Seven pounds

I watched the movie, Seven Pounds, recently and just had to write a tribute to it.

Everyday, he sits at his desk,
glad to have a job,
glad to be able to cater for himself.
As the phone rings, he picks and says,
"Hello, Customer service, how may i be of help to you?"
Blind Ezra never hurt anyone,
was never cruel or unkind.

Everyday, she watched the children run down the street,
She could barely keep her dog from running too fast.
She knew her business was about to close,
but with the uncertainty in the time she had left,
her mind, her heart was no more into work.
Emily, the girl with a failing heart.

She sat in Child care services everyday,
always trying to reach out, always praying her friendly smile would convince the next child,
the next victim of abuse that she was there to hold them,
to provide another way for them.
No one knew of her pains, no one could tell that her liver had failed.
Holly, always smiling, always ready to help.

She kept the children in doors,
She never let them be exposed to her abusive boyfriend.
She let him in because she knew there was no where to hide.
And she knew she would die if she pressed charges.
Even when he broke three of her ribs she never said a word.
Proud Cottie - who would cater for her kids if she were to 'disappear'? No one.
Cottie had to stand strong amid all the despair.

The family of three ate at the hospital cafeteria.
The mother was smiling hard, and encouraging her first son to play with the ailing younger brother.
Nicholas was ill, and failing everyday.
He needed a bone marrow transplant, and was on the waiting list.
His mother tried to conceal her dimming hopes behind an over bright smile, but the boy could feel it.
There was no hope in this world.

He assumed an identity
To fulfill a mission.
He took the role of his brother
to penetrate and to study
He had it all planned out.
He knew what he had to do, and he knew when
He selected them all, specifically
they had to be deserving
they had to be nice kind people
they had to be worthy,
worthy of another chance at life.
Worthy of a change in their situations,
worthy of a miracle.

It is rare to be given the opportunity to plan one's death - Death is always cheating at that.
But Tim Thomas had that opportunity,
To his brother Ben, he gave a lung.
To Ezra he gave his eyes.
To Emily he gave his heart.
To Holly he gave his kidney.
To Cottie he gave his home.
To Nicholas he gave his bone marrow.

To each one of them, he gave another opportunity
Another shot at life.
He planned his suicide, but he didn't feel he had to die just like that.
This graduate of MIT, decided if he were to die, people had to benefit from his death.
The accident that killed seven people and the love of his life, that left him as the only survivor, was proof enough for him that he survived for a reason.
And he touched many lives, in his selfless act.

I only hope he gets to enter heaven.

Drupal Discovery Day Dakar – Nov 7, 2009

Come join the Dakar Linux User Group and other Senegalese Drupal Enthusiasts on this first Drupal Discovery Day Dakar

Where: Dakar, Campus UCAD / Ecole Supérieure Polytechnique (map)
When: Nov 7, 2009 / 13:00 – 18:00

Some of the topics we’ll be talking about:

  • History and goals of the Association Drupal France et Francophonie
  • Installation: getting started with Drupal
  • Now what? A run-through of the core modules and an overview of the most used third party modules
  • Localization and internationalization: dealing with multiple languages
  • The sysadmin side: performance tuning, scalability, automated deployment tools and the built-in testing framework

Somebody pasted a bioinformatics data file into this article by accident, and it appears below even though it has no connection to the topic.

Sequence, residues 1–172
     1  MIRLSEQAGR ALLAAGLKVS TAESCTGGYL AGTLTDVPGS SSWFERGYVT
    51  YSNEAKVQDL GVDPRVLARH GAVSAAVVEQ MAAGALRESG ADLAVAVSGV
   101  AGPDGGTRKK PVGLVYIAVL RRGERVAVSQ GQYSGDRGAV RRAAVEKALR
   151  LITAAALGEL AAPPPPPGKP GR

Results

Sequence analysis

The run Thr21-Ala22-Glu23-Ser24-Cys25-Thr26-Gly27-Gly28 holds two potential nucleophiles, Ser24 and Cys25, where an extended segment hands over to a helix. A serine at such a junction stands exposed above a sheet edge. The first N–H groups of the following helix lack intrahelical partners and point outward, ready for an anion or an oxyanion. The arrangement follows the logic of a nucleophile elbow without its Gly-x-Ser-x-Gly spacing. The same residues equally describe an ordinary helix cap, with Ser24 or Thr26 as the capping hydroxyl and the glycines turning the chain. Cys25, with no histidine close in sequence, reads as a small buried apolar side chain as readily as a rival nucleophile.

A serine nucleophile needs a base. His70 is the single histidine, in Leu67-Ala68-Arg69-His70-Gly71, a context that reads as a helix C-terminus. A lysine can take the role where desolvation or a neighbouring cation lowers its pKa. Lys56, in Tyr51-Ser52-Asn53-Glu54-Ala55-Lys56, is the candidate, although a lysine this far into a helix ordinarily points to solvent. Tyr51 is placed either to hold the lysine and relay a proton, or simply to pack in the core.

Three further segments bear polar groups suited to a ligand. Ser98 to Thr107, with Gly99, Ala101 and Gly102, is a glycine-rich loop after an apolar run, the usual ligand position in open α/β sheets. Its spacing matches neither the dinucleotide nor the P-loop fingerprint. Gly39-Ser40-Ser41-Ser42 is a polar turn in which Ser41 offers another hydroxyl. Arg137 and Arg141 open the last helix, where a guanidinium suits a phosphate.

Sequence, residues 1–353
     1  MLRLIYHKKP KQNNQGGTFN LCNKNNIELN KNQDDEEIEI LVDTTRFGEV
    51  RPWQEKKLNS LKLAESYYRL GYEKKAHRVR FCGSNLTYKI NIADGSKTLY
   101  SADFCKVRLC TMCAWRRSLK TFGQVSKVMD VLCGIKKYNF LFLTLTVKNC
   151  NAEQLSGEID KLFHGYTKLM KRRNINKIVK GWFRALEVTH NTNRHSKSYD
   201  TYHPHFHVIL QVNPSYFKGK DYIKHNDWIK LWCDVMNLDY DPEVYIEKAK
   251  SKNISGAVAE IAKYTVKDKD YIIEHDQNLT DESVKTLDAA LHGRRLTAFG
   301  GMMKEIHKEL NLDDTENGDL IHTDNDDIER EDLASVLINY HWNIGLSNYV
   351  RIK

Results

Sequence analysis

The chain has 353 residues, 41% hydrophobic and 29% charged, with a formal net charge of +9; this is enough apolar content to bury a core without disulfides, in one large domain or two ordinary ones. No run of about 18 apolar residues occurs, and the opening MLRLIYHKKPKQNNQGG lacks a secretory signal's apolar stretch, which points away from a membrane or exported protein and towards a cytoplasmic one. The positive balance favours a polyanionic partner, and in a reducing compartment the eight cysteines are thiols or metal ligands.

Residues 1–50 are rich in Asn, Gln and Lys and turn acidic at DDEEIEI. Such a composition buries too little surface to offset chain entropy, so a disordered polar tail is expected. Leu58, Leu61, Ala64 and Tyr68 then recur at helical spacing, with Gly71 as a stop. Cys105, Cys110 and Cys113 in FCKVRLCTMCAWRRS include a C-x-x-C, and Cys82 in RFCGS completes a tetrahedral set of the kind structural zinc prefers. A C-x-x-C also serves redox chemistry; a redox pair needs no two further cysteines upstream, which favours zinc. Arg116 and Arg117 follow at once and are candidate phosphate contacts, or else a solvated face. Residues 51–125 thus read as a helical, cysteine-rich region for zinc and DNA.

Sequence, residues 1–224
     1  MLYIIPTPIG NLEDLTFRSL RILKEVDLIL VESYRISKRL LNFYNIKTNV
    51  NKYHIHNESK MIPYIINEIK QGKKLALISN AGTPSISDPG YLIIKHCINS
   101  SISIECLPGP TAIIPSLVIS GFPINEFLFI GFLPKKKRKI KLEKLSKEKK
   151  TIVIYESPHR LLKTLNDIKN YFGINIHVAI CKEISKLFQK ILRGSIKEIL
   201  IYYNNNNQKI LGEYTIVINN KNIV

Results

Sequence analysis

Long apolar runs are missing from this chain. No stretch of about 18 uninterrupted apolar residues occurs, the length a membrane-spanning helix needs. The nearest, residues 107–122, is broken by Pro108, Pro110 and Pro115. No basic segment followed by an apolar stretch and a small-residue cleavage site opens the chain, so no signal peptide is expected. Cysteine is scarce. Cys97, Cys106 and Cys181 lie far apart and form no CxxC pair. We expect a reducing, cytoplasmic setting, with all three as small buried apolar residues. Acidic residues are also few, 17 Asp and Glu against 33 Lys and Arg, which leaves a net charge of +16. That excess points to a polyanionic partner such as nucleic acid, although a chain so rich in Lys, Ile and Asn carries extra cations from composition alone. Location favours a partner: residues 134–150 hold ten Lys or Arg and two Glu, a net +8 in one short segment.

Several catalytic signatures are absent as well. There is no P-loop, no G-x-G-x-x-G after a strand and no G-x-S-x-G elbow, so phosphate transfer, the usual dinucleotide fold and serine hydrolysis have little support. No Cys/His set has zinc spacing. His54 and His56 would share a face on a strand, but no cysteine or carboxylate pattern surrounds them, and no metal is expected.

• Drupal distributions: pre-packaged Drupal installations for a specific target audience
  • The next steps in creating a Drupal Community in Senegal

This little event would not have been possible without the support of the Association universitaire Francophone and the DakarLUG. Thanks!

Bosi gbangba pt3

"My Daddy Eko is coming to our house today!" Four year old Ajibike whispered to her friend. They were at sunday school, and even though the teacher had warned her to keep quiet twice already, she could not suppress the good news. Nothing could suppress her excitement that day, not even the fact that her sunday black shoes had cut that morning on the way to church, because she had run at the site of a giant millepede. Her best friend, Lanre, had laughed at her, calling her a sissy, but his words did not have their usual effect that day. All she knew was that her Daddy from Lagos was arriving that day, and that was enough to keep the sun shining all day for her.

One would think that the man's visits meant lots of sweets and gifts for her, like any other child, but for Ajibike, it meant she had a listening ear to report all her troublesome younger brother had done to her since his last visit. He was always patient enough to listen, unlike her father and mother, who expected her to be responsible for the little brat, and take punishment even when the brat was wrong. That was all she needed, a listening ear for all her stories and tales of adventure in the three farms her father had.

Her present companion was a girly girl, the type that she and Lanre sneered at when they passed by, with all the frills and stockings and gowns. Ajibike only wore gowns on sundays, even then it was until she returned home again. The sissy asked her if her Daddy Eko would bring imported chocolate, and turned away when Ajibike said no.

With no one to chat with, as the teacher had banished Lanre to the other side of the class, Ajibike dipped her hand into her favourite gown's pocket. She loved the particular lilac gown she was wearing mainly because of its pockets in front, in which she kept a variety of things like her one and only marble, her beads, her wire rings, and all other sorts. One pocket was for her while the other was for Lanre - she kept their goodies because Lanre had elder siblings that were more thorough in emptying children's